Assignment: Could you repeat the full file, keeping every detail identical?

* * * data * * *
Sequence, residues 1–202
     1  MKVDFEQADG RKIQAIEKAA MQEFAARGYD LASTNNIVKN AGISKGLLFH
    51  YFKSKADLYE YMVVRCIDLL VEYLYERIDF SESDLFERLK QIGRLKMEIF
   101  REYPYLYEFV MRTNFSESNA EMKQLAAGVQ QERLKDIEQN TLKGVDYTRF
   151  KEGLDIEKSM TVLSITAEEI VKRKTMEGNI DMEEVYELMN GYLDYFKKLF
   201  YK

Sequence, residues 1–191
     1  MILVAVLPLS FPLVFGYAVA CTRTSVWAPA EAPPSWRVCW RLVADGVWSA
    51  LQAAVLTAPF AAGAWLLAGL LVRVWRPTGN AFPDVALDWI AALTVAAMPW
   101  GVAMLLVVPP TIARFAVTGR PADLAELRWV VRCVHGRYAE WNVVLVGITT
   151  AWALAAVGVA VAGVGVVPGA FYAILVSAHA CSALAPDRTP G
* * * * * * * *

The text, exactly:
Sequence, residues 1–202
     1  MKVDFEQADG RKIQAIEKAA MQEFAARGYD LASTNNIVKN AGISKGLLFH
    51  YFKSKADLYE YMVVRCIDLL VEYLYERIDF SESDLFERLK QIGRLKMEIF
   101  REYPYLYEFV MRTNFSESNA EMKQLAAGVQ QERLKDIEQN TLKGVDYTRF
   151  KEGLDIEKSM TVLSITAEEI VKRKTMEGNI DMEEVYELMN GYLDYFKKLF
   201  YK

Sequence, residues 1–191
     1  MILVAVLPLS FPLVFGYAVA CTRTSVWAPA EAPPSWRVCW RLVADGVWSA
    51  LQAAVLTAPF AAGAWLLAGL LVRVWRPTGN AFPDVALDWI AALTVAAMPW
   101  GVAMLLVVPP TIARFAVTGR PADLAELRWV VRCVHGRYAE WNVVLVGITT
   151  AWALAAVGVA VAGVGVVPGA FYAILVSAHA CSALAPDRTP G